Ensuring Public Access to California Waterways–In Plain Language

New California State Lands Commission Public Access Guide Required Reading for Coastal Enthusiasts

Big Sur Coast Of California With Waves Of The Pacific Ocean Crashing Against Rocky Shores

California residents are passionate about their coastal and inland waterways–and especially their ability to access and enjoy these natural resources.  It was concern over being “walled off from the coast” by private development that prompted California voters in 1972 to approve an initiative measure that created the California Coastal Commission and led to California’s Coastal Act–the strongest coastal planning and regulatory statute in the nation.  Indeed, public access to waterways is a right California residents enjoy under the state Constitution.  (Most Californians don’t realize that they similarly enjoy a constitutional right to fish, under a separate provision of the same document.)

There are a multitude of California waterways for state residents and visitors to enjoy: California possesses a spectacular and diverse 1100-mile coast bordering the Pacific Ocean, as well as 4,000 linear miles of shoreline along the state’s extensive system of inland navigable lakes and rivers.  Under state law, it is the California State Lands that owns and manages these coastal and shoreline resources, in trust for current and future generations of Californians.

The public’s desire to exercise their constitutionally-protected right of access to these waterways often runs up against claims that rights of adjacent private property owners limit or override the public’s right of access.  And for many years these access conflicts have generated political controversy, litigation and, on occasion, even violence.

So it’s very good news indeed that the State Lands Commission has recently published  “A Legal Guide to the Public’s Rights to Access and Use California’s Navigable Waters.”  Should you fear from the official  title of the Guide that the Commission has gone all jurisprudential on California residents, rest easy: the Guide is intentionally written in clear, layperson language.  So it’s no legal treatise but, rather, an accessible and easily understood explanation of the scope of the public’s access rights to state tidelands, beaches, rivers and lakes.  The Guide is a valuable resource that all Californians seeking to exercise their rights of public access to state waterways should carry in their backpacks or on their smartphones.  So too should coastal and shoreline property owners, so that they’re similarly apprised of their rights and duties when it comes to the California waterways that they too enjoy.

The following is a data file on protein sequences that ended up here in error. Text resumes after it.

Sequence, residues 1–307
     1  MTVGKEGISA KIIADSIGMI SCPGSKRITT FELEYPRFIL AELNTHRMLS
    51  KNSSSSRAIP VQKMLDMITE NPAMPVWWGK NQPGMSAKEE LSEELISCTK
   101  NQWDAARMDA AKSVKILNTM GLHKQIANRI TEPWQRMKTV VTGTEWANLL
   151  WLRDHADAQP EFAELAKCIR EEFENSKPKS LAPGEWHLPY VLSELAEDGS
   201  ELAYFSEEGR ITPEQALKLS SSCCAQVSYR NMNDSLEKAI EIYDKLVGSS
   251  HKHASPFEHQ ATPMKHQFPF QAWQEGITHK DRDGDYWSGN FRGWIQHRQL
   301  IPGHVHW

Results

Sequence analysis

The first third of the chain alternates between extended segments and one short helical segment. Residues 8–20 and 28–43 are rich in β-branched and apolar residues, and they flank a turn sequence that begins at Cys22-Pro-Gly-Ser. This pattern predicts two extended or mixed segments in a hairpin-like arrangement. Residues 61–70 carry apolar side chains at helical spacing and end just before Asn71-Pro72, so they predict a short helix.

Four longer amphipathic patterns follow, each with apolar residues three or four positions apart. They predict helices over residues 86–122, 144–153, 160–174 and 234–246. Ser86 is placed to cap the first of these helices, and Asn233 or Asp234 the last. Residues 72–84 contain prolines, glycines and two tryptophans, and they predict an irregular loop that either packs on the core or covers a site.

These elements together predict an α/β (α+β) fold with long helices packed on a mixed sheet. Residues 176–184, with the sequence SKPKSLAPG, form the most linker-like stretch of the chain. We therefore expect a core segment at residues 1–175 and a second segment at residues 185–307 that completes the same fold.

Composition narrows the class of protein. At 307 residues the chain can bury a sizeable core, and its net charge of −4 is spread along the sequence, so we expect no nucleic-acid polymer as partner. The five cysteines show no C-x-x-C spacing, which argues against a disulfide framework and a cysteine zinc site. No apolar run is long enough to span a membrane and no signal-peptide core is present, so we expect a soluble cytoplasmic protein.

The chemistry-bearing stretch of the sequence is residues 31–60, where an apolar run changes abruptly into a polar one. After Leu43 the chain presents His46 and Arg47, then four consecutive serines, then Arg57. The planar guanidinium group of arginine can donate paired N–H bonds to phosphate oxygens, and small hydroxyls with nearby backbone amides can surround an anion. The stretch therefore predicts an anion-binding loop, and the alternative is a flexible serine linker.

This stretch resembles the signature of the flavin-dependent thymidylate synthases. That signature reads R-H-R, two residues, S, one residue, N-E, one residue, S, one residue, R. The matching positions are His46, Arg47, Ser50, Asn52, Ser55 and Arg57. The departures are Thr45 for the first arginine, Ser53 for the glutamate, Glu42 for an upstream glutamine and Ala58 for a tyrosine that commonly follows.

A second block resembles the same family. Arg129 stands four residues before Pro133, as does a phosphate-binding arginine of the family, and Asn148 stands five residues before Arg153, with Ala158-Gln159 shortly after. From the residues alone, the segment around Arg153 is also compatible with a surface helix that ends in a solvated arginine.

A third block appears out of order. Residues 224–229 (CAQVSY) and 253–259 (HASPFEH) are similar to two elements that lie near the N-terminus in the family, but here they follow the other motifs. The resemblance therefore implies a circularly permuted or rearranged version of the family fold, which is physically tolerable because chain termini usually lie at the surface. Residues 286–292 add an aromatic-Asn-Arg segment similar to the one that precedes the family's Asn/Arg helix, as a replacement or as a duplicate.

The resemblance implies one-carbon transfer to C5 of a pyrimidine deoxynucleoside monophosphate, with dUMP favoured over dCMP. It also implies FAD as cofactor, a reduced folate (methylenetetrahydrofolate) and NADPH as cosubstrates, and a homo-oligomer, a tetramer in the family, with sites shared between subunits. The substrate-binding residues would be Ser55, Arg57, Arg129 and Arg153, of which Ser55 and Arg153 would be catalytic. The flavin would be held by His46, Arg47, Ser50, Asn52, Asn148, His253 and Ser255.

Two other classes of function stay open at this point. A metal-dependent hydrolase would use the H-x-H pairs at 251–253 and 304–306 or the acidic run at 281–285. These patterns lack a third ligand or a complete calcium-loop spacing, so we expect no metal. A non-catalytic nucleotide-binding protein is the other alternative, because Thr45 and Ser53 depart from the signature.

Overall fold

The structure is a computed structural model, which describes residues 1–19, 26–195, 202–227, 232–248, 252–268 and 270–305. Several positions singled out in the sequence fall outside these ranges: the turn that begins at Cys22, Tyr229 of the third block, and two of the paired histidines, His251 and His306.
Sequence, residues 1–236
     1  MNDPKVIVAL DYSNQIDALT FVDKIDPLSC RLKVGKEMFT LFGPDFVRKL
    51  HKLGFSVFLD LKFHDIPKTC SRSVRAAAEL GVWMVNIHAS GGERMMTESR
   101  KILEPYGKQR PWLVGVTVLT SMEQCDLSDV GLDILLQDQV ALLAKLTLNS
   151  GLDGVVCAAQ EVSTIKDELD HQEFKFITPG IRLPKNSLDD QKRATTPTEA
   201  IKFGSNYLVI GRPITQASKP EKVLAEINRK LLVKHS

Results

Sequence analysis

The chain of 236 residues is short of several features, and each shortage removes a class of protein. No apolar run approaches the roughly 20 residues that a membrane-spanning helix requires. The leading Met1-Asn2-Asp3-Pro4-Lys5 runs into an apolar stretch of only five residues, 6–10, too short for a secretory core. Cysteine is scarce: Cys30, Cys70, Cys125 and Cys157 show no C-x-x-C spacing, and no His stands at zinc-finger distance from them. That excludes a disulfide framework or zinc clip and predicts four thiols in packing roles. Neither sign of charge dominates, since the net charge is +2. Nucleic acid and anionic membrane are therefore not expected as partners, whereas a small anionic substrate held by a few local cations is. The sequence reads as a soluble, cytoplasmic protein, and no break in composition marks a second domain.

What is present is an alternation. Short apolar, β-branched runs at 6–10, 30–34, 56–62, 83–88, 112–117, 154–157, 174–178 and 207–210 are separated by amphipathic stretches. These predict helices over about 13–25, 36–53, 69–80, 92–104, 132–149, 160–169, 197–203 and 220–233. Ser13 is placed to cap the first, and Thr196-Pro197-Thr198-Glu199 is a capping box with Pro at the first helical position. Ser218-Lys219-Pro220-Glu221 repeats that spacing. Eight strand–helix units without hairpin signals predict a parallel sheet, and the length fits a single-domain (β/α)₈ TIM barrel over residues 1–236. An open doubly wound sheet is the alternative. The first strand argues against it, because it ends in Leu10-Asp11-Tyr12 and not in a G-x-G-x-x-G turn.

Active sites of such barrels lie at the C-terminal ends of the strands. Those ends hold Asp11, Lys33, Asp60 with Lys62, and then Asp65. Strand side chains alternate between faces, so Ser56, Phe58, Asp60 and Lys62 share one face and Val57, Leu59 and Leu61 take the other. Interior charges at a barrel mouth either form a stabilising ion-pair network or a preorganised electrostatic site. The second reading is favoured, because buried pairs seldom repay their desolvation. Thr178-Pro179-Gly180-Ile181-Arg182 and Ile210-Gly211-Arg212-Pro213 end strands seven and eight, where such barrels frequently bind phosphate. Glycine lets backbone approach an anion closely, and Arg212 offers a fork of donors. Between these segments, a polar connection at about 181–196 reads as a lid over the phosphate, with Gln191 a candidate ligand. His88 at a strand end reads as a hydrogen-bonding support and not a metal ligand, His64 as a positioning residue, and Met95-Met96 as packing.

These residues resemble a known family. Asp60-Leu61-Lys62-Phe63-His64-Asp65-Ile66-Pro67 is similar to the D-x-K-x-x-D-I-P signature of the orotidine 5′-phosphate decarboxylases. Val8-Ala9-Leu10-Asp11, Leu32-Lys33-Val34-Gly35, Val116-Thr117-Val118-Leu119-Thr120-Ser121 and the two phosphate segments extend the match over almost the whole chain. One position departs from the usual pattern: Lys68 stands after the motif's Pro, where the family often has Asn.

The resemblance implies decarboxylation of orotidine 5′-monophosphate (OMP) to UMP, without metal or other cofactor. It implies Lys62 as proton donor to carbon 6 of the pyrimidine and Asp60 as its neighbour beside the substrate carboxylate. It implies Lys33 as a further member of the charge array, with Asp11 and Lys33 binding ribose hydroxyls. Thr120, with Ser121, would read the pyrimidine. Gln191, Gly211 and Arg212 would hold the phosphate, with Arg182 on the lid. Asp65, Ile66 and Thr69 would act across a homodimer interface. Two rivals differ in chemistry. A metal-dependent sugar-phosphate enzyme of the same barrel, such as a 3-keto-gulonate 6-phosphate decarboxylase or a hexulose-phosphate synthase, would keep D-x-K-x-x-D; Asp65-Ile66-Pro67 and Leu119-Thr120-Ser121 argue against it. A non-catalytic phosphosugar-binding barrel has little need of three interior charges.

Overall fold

Publication of the Guide is the culmination of a lengthy project undertaken by the State Lands Commission, in consultation with the California Attorney General’s Office.  (I’m proud to note that U.C. Davis law students externing in those two state offices played a substantial role in researching and drafting the guide.)

Currently, “A Legal Guide to the Public’s Rights to Access and Use California’s Navigable Waters” is available on the Commission’s “Public Access” webpage–an excellent, broader source of information on Californians’ access rights to state lands and waterways–in both English and Spanish.  My only suggestion is that the Commission and Attorney General’s Office consider translating the Guide into several additional languages, in order to facilitate access to state waterways by a broader and more diverse population of Californians.

The State Lands Commission and Attorney General’s Office are to be commended for their “outside the box” efforts to both explain and protect the right of California residents and visitors to enjoy the state’s spectacular ocean coast and inland waterways.

[Next up: California’s single most controversial coastal access dispute finds its way to the U.S. Supreme Court.]





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